Favorite decades: 1910's, 1800's, 1870's
Favorite artists: Anthony van Dyck, Giovanni Boldini, Henry Fuseli, Thomas Lawrence
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While these incredible shoes were not worn by the Wicked Witch of the West, she probably would have loved them. Labeled “The Livingston Shoe,” these bronzed leather lace-up beauties came from Charleston shoe retailer, Walter Francis Livingston (1874-1946). He opened his store at 366 King Street in 1896 and these probably date to right around then. They have long, shallow pointed toes, curvaceous Louis heels and high front lacing over a tongue lined in lamb’s wool.
Bronzing refers to a process of treating the leather with red dye, originally cochineal and by the 1890s, an aniline dye imitation, to give it a metallic semi-iridescence.
Livingston remodeled his store in 1922 and opened a second store in Jacksonville Florida. In the 1921 Boot & Shoe Recorder, he was touted as using an aeroplane to advertise “the best advertised shoe sale ever held in the South.” Livingston himself went up as a passenger in the plane to drop circulars and advertisements over the Isle of Palms on Sunday, June 25. Among the flyers was a coupon for a free pair of shoes and $1 off coupons. He was often mentioned as having attended the Boston Style Show, bringing the latest styles and patterns to Charleston direct from the largest and most representative manufacturers.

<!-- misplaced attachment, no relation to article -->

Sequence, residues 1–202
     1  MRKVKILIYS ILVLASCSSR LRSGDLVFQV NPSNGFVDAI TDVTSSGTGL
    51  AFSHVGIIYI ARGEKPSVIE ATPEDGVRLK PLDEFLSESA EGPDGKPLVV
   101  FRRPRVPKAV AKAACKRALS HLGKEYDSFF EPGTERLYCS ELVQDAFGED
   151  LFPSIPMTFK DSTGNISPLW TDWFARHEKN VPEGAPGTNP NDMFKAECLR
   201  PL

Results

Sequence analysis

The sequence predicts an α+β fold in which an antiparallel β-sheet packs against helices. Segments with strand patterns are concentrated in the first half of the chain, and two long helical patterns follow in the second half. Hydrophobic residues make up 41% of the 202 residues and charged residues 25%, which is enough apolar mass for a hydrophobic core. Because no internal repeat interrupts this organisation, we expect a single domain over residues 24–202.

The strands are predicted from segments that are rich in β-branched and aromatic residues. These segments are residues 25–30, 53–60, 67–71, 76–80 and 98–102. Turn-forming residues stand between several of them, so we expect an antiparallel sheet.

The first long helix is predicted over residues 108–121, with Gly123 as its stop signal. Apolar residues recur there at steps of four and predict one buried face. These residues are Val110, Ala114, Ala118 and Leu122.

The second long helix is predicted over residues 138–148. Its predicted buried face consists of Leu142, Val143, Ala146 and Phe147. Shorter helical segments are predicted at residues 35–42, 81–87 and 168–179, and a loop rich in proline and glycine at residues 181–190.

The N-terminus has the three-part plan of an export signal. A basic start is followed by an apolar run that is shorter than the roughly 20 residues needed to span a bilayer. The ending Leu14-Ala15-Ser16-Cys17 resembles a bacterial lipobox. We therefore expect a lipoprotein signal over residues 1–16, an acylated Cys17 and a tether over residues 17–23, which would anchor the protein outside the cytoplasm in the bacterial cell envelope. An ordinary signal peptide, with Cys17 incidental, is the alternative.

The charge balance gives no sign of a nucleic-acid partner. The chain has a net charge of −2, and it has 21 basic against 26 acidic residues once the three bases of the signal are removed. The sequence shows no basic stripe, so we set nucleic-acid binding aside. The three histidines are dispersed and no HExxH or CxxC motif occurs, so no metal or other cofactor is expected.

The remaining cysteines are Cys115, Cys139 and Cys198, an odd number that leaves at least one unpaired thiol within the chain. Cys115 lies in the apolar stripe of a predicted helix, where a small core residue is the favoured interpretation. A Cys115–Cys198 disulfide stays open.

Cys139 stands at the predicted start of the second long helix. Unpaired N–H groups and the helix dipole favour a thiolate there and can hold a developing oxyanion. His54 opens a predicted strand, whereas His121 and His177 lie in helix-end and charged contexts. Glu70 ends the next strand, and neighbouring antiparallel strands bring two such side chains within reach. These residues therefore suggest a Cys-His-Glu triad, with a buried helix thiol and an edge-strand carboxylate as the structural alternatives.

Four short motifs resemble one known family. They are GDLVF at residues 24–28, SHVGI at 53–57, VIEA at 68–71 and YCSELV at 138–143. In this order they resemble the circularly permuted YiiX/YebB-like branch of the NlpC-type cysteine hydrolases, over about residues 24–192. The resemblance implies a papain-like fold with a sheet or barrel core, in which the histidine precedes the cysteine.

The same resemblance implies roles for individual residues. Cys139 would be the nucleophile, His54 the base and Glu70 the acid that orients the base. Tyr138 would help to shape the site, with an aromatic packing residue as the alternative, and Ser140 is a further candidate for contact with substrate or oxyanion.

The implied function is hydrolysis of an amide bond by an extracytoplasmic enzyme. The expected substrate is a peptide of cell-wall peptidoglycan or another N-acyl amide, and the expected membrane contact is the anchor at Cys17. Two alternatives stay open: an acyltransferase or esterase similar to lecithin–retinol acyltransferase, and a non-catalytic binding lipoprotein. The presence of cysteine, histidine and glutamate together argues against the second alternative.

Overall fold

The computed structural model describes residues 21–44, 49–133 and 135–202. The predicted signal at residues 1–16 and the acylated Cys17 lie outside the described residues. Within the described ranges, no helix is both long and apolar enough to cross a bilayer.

Ladies’ skirts were still long in the 1890s, so probably just these pointed toes would appear. But, some of the more active fashions (walking outfits, business wear) saw skirts rising around the ankle, so these would have been perfect.
TEXTILE TUESDAYS: Each Tuesday we post a piece from our textile collection. Some items have been on exhibit, some will eventually be shown in our new Historic Textiles Gallery and some may be just too fragile to display. We hope you enjoy our selection each week – do let us know if there’s something in particular you’d like to see on TEXTILE TUESDAY! #TextileTuesday